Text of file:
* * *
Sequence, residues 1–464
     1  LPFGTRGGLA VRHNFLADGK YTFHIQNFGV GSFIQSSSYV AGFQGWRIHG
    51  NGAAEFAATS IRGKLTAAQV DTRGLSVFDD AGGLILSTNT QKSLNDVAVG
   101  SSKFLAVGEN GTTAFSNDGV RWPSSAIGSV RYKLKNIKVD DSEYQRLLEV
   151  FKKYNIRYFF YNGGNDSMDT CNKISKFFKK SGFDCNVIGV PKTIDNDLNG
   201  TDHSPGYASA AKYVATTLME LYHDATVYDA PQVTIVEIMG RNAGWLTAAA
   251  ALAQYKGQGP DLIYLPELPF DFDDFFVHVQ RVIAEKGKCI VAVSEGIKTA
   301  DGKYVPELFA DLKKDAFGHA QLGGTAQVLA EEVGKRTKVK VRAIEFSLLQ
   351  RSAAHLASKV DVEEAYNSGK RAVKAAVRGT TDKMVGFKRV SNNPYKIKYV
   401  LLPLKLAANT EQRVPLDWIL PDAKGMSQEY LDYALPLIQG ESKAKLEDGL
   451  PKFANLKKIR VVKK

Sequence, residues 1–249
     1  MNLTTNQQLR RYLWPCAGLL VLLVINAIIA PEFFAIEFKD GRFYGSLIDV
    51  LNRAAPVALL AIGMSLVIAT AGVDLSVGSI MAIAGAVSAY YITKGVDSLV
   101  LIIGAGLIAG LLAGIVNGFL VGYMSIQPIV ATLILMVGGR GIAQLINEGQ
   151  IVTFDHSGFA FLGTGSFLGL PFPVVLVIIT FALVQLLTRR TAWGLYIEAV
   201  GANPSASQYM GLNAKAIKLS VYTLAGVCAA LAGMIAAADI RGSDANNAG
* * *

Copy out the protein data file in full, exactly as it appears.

Sequence, residues 1–464
     1  LPFGTRGGLA VRHNFLADGK YTFHIQNFGV GSFIQSSSYV AGFQGWRIHG
    51  NGAAEFAATS IRGKLTAAQV DTRGLSVFDD AGGLILSTNT QKSLNDVAVG
   101  SSKFLAVGEN GTTAFSNDGV RWPSSAIGSV RYKLKNIKVD DSEYQRLLEV
   151  FKKYNIRYFF YNGGNDSMDT CNKISKFFKK SGFDCNVIGV PKTIDNDLNG
   201  TDHSPGYASA AKYVATTLME LYHDATVYDA PQVTIVEIMG RNAGWLTAAA
   251  ALAQYKGQGP DLIYLPELPF DFDDFFVHVQ RVIAEKGKCI VAVSEGIKTA
   301  DGKYVPELFA DLKKDAFGHA QLGGTAQVLA EEVGKRTKVK VRAIEFSLLQ
   351  RSAAHLASKV DVEEAYNSGK RAVKAAVRGT TDKMVGFKRV SNNPYKIKYV
   401  LLPLKLAANT EQRVPLDWIL PDAKGMSQEY LDYALPLIQG ESKAKLEDGL
   451  PKFANLKKIR VVKK

Sequence, residues 1–249
     1  MNLTTNQQLR RYLWPCAGLL VLLVINAIIA PEFFAIEFKD GRFYGSLIDV
    51  LNRAAPVALL AIGMSLVIAT AGVDLSVGSI MAIAGAVSAY YITKGVDSLV
   101  LIIGAGLIAG LLAGIVNGFL VGYMSIQPIV ATLILMVGGR GIAQLINEGQ
   151  IVTFDHSGFA FLGTGSFLGL PFPVVLVIIT FALVQLLTRR TAWGLYIEAV
   201  GANPSASQYM GLNAKAIKLS VYTLAGVCAA LAGMIAAADI RGSDANNAG